Fiction & Non-Fiction
Short Stories: Collection of stories over 65 years: experimental, romantic, super-normal.
See Chapbooks (1); also, My Husband She Says, Connections, The Meeting, Second Sight (first chapter of Ginger Biscuits – see Novels – unfinished), Cycles of Unhappiness, The Local Sherlock (unfinished)
Nought (Snapshot for Victor Sugar); again, using autobiographical material to start with, but moving into a narrative that moves in and out of “reality”. Starts in Scarborough where George, an old man lives on his own. A strange experience causes him to enter a short-story competition in honour of VS Pritchett; but he over-writes and the story itself becomes part of a larger novel, which shifts from Southampton, by a series of unexpected events, to Scarborough, finishing with a climax which questions the realistic nature of the novel-form. Unpublished.
Cherryman: (set in future, in a London with a collection of high buildings)
The Leo Club: (using experiences as student in London)
Ginger Biscuits: (set in Wimborne – based on personal experiences, but moving into a murder mystery).
Death in Drarket M: (set in Market Drayton – more for atmosphere than reality).
The World of Instant Theatre: account of events which led to the formation of Word And Action (Dorset) and the development of Instant Theatre as the company’s main activity and money-earner. Published by Wanda Publications (1991) with 1,000 copies sold. A revision of the text was carried out in 2001, but has not been published.
Through the Circle: thesis submitted to Institute of Education, Newcastle-upon-Tyne to receive Diploma of Drama (1972) – exploration towards setting up of an alternative theatre and language arts company, based on a fresh relationship between equality and freedom / individual and collective.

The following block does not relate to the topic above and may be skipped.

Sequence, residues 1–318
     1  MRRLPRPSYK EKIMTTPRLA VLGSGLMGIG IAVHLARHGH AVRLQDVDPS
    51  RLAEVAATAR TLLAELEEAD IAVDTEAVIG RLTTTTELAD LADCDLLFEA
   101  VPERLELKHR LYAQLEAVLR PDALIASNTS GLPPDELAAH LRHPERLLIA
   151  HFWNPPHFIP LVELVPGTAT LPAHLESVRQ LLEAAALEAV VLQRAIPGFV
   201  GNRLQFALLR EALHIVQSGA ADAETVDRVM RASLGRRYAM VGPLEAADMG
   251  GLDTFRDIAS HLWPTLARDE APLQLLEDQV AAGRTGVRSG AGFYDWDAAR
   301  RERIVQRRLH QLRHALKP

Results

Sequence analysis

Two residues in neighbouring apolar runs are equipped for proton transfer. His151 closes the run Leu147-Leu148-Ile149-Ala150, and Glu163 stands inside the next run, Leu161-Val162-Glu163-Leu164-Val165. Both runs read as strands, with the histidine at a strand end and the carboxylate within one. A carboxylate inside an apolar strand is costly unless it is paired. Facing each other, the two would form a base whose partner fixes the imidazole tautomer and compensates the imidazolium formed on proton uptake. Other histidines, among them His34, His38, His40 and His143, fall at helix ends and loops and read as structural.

The Group Dream: collection of 130 Instant Theatre stories, gathered from performances between 1981 and 1985, with commentaries exploring associations with myth, legend, symbol, number, and other “divinatory” systems concerned with the nature of human psychic experience, stretching back to primal instincts, suggesting that all such sources (the buried beginnings of the life-force) are still active in the folk memories of contemporary existence, influencing (often unwittingly) the behaviours of people, individually and collectively, whatever the age-range involved. These commentaries question the dominance of the intellect in humanity’s overall sense of itself, and maybe are uncovering a more profound and paradoxical, more spirallic than straightforward, complexity in life’s presence on this planet. The Group Dream is no proof of such a thesis; rather a supposition following a hint that the process of story-gathering in Word And Action’s form of Instant Theatre (in its ad-hoc associations of being and doing) may be pointing to a change in humanity’s view of itself, and therefore to the opening of a path towards a fresh “spiritual assumption” slowly evolving in the repetitive behaviours of each age’s struggle for survival.
The Swan Stories from Instant Theatre: six stories from the first half of The Group Dream, with commentaries, to illustrate, in a more limited (readable) way how the process works (around one theme).
Spring at the Crane Stream: material from a week’s Conference in Camberwell, attended by “authorities” on the uses of psychotherapies in relation to the arts. The contributions of each speaker were summarised, and then related to the Instant Theatre story and performance (presented by Word And Action as part of the final session.)
The Questioner on this occasion was Liz Reeve, who had not attended any previous session on the programme, even though the story itself seemed to pick up on all the Conference’s major themes. The organiser took offence at the whole process and characteristics of Instant Theatre, but the book provides an interesting account of both the hackles that a so-dismissed lay process can raise amongst experts, and the sub-conscious contributions that those same people actually make to the Instant Theatre story that later causes them so much offence.
The nature of “professionalism”, one of the most highly contentious issues in the contemporary world, cannot be addressed properly, whilst the collapsing system places such weight upon it.
After the completion (but non-publication) of The Group Dream, Word And Action, through Wanda Publications, produced many short accounts of Instant Theatre stories, performed and written up with an attached commentary, associated with courses and conferences attended in the 80s and 90s in the UK and abroad, including the following: